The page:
Think about all we give our kids if we have them: for 20 years, in the prime of our lives, they become a huge part of our finances, our time, our attention, our emotional lives, our labor, our contact with other people’s bodily fluids, sometimes the center of all those things. And mostly until we die, they stay right near the center of our hearts and our longings. We invest everything we can in them, or at least we try.
God as parent is like this too. God has invested such brilliant creativity in the creation and expansion of this universe: such a wildly complex and beautiful place. And one in which the freedoms and chaos required for all that complexity and beauty mean all kinds of things go wrong in the universe all the time. It’s such a chaotic and violent place too, our universe, certainly our earth.
And if there’s one baseline quality the scriptures attribute to God in relation to all this is that God really cares about it all, more than you’d expect really. God takes enormous pleasure – the word is usually delight – in everything that goes well in the universe. New species evolve, new life grows, new love blossoms, new relationships bond, new justices are achieved, and God beams with pride and joy. This matters to God.
Just as when species go extinct, life dies, love is shattered, relationships severed, injustices fester and God is angry and heartbroken.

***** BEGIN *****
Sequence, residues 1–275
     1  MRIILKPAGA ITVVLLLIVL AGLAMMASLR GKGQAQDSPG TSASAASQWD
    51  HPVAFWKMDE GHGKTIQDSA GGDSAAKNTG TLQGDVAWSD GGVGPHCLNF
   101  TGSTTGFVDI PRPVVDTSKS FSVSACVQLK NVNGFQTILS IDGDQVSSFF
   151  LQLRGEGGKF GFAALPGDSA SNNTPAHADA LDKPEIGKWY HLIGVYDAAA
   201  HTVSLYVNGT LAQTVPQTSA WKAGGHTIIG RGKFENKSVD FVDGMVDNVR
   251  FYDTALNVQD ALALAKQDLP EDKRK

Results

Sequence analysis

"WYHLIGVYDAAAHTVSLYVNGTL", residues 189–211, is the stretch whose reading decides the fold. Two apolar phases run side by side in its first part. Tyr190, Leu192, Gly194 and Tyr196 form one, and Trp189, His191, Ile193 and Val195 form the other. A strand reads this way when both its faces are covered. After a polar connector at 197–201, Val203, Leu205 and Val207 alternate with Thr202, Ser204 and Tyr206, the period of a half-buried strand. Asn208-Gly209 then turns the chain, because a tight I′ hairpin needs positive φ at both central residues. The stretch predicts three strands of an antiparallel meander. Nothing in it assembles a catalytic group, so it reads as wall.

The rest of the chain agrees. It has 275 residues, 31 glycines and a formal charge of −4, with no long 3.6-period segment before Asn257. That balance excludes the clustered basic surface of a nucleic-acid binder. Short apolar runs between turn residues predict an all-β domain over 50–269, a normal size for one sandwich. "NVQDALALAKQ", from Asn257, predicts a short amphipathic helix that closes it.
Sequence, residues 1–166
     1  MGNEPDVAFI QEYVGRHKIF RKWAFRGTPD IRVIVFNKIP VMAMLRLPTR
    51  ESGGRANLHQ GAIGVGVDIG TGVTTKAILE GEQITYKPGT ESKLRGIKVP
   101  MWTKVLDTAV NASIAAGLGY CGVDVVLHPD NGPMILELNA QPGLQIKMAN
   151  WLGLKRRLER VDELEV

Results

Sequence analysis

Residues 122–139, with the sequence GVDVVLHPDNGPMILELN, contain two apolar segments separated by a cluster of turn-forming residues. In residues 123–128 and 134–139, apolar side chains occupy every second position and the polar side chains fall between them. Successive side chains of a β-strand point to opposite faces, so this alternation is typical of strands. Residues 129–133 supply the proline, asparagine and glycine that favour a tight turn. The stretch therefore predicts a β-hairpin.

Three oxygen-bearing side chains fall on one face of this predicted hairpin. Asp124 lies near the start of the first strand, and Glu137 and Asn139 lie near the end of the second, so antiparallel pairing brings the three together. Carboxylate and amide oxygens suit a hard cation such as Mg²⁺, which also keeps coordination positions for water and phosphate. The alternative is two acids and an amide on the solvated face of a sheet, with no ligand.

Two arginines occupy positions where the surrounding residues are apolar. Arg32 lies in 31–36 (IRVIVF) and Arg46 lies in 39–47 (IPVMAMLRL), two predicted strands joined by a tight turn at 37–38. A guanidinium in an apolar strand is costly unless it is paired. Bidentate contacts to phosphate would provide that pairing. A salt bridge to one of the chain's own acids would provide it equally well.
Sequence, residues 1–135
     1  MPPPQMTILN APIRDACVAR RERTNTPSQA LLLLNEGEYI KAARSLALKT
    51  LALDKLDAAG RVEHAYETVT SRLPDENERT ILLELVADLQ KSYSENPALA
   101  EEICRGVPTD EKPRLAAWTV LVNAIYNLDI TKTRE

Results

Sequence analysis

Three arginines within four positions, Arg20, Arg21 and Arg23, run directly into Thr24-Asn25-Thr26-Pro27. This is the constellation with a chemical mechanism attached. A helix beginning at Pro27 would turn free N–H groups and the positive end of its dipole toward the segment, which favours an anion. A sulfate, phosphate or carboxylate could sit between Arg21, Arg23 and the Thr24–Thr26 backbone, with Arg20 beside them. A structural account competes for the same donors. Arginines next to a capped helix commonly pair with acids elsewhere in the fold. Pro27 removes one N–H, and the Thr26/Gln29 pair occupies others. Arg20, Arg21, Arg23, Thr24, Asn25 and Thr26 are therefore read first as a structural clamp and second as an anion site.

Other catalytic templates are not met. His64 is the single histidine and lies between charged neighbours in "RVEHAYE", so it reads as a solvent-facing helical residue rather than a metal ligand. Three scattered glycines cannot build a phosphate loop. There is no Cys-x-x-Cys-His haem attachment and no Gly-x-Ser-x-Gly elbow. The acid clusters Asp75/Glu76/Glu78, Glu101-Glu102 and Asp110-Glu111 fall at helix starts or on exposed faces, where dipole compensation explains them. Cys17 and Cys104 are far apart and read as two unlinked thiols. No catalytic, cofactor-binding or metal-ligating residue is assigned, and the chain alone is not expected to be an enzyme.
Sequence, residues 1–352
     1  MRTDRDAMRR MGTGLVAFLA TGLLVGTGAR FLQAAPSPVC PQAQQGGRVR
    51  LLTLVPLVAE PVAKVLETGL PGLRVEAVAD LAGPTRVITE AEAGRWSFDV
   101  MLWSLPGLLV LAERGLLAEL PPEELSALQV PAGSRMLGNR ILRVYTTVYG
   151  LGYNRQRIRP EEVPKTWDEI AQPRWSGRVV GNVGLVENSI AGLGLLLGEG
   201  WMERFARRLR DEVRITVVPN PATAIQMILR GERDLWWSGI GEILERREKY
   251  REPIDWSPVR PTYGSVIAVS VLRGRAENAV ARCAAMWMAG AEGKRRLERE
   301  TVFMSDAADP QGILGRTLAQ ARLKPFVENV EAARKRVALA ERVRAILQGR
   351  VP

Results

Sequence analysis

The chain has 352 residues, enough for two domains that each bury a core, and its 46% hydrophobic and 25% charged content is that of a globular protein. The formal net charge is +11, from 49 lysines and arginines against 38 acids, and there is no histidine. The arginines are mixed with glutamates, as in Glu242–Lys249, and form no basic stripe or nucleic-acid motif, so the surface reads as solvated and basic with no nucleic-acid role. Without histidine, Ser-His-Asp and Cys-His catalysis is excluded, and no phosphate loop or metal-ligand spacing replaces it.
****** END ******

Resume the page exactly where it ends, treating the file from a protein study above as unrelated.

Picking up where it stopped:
Great investment and great risks are the hallmark of love, and God is no exception. The father in this story, who certainly could be a mother too, seems to be an image of God for Jesus and certainly makes a great investment and takes great risk.
This parent has accrued land and wealth, saving and preserving it carefully for his children. And when the younger one asks for his share, which would have been a third of his family’s wealth, the father takes an enormous risk and says: I’ll do this. What the younger child does here, to ancient near eastern ears, is a horrifying dishonor to his family. He’s more or less saying:
Dad, you’re old. Get on with it. I wish you’d just be dead and gone, and I could get what’s coming to me.
Well, the father doesn’t die, but he takes a huge risk in trusting his kid with an early inheritance, with holding back none of his investment.